Anti-inflammatory diet, synbiotics ease progressive MS symptoms

Fatigue, pain, sexual dysfunction, and bladder/bowel problems were relieved

Lindsey Shapiro, PhD avatar

by Lindsey Shapiro, PhD |

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An anti-inflammatory diet combined with synbiotic supplements eased fatigue, pain, sexual dysfunction, and bladder and bowel problems in people with progressive forms of multiple sclerosis (MS) in a small clinical trial.

Synbiotics contain probiotics, healthy bacteria for the gut, and prebiotics, or plant fibers that feed probiotics and help them grow.

“Given the growing interest in dietary modifications for MS and the lack of diet-based trials specifically for progressive forms of the disease, the combination of an anti-inflammatory-antioxidant-rich diet and synbiotics holds promise as a complementary treatment,” the researchers wrote in “Anti-inflammatory-antioxidant modifications and synbiotics improved health-related conditions in patients with progressive forms of multiple sclerosis: A single-center,randomized clinical trial,” published in Complementary Therapies in Clinical Practice

People with progressive forms of MS, which features worsening disability even in the absence of relapses, have access to very few disease-modifying therapies. For them, complementary approaches such as exercise and dietary changes may address common, but stubborn symptoms, like fatigue, pain, bowel and bladder dysfunction, and sexual problems.

Among the key processes implicated in the neurodegeneration that marks MS are inflammation and oxidative stress, a type of cellular damage that arises when there’s an imbalance in toxic reactive oxygen species and the antioxidant molecules needed to counteract them.

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Diet’s effect on MS

Research is indicating that anti-inflammatory diets like the Mediterranean diet and higher antioxidant intake may help MS patients.

Diet can also have a significant effect on the gut microbiome — the collection of microbes living in the gut — which influences gut function along with brain and immune health. Probiotic supplements, which contain healthy bacteria thought to benefit the gut, have been found to ease certain MS symptoms.

A number of studies on diet and/or supplementation have been conducted in relapsing forms of MS. None have examined their combined effects in progressive forms of the disease, however, said the researchers, who conducted a randomized, controlled clinical trial to assess the impacts of diet among 69 people with progressive forms of MS who were seen at a clinic in Iran. Most participants (77%) were female and had secondary-progressive MS (68%).

The participants received daily synbiotic supplements with an anti-inflammatory, antioxidant rich diet or a placebo supplement with their usual diet for four months, on top of their usual MS therapies.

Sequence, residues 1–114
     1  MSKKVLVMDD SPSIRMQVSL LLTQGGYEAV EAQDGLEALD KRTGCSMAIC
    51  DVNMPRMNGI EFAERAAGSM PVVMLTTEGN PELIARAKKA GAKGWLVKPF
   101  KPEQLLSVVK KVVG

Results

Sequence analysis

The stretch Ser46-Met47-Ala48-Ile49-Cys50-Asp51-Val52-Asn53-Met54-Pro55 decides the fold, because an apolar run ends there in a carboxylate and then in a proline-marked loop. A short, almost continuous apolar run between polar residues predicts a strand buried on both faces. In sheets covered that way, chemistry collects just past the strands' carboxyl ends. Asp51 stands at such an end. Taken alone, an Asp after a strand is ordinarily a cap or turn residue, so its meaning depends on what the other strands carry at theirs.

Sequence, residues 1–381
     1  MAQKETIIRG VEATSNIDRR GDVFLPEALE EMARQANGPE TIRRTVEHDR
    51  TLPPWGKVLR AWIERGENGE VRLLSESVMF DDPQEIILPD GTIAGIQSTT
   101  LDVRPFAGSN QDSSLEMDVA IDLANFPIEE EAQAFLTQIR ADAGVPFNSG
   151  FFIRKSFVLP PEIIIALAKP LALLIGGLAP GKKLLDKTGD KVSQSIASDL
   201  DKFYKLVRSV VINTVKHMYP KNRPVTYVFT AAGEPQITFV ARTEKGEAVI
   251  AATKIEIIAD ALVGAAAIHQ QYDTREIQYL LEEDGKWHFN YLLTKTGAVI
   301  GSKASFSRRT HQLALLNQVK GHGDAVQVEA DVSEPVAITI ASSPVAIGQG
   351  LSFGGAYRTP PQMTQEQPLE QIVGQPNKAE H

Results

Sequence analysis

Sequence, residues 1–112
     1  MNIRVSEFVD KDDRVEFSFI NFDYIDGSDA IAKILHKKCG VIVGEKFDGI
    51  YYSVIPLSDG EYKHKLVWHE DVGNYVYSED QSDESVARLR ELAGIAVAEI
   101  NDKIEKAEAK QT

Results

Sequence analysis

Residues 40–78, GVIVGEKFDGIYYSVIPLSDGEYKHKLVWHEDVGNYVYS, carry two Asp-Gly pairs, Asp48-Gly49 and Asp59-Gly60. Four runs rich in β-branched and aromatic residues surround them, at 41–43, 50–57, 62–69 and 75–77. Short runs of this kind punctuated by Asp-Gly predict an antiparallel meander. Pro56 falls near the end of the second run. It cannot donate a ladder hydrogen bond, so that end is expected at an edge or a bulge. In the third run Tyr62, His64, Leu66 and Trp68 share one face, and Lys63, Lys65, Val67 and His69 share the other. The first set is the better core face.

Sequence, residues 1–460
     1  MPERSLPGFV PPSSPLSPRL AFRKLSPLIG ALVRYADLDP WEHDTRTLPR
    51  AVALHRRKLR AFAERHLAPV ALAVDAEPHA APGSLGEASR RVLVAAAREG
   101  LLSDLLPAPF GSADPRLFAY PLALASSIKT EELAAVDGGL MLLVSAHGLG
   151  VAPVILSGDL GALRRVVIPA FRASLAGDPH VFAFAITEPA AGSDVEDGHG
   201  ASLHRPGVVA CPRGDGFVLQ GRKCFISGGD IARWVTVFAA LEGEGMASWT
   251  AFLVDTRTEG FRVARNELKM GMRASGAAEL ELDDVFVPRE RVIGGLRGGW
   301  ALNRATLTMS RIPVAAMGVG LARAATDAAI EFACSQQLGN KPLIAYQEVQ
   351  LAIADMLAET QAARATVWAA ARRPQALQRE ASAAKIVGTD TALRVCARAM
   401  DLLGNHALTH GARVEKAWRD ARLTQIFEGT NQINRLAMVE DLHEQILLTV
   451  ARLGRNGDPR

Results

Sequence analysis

The synbiotics were taken every day two hours after lunch. The anti-inflammatory diet consisted of 55% carbohydrates, 15% protein, and 30% fats, most of which were sourced from olive oil, fish, and vegetables.

A trained dietitian counseled both groups and their target calorie intake was adjusted based on each person’s ideal body weight. The patients recorded a three-day dietary record each month, which was analyzed by a nutritionist to determine adherence. Fatigue, pain, sexual satisfaction, and bladder and bowel control were evaluated via patient questionnaires before the trial started and at its end.

‘Crucial to prioritize’ dietary modifications

The synbiotic supplements plus anti-inflammatory diet were associated with significant reductions in fatigue and pain intensity from the study’s start (baseline) relative to the control group. The experimental diet group also saw improved bladder control, bowel control, and sexual function from baseline, while the placebo group’s symptoms got worse in some measures.

No serious side effects were reported during follow-up and the prescribed diets were adhered to well.

“The present findings provide preliminary support for the feasibility of anti-inflammatory, antioxidant-rich diet and synbiotics supplementation in patients with progressive forms of MS,” the researchers wrote. “Given the potential effectiveness of dietary modifications in managing MS, it is crucial to prioritize this aspect for patients. The findings may not be generalizable to people with relapsing MS or healthy people, they said.

The diet plus supplement approach may ease the symptoms via a number of different mechanisms, including reduced oxidative stress, lower inflammation, increased nerve cell signaling and higher gut fiber. Further research should use biochemical and cellular analyses to understand how the diet might influence cellular function and nerve cell signaling to ease symptoms, the scientists said.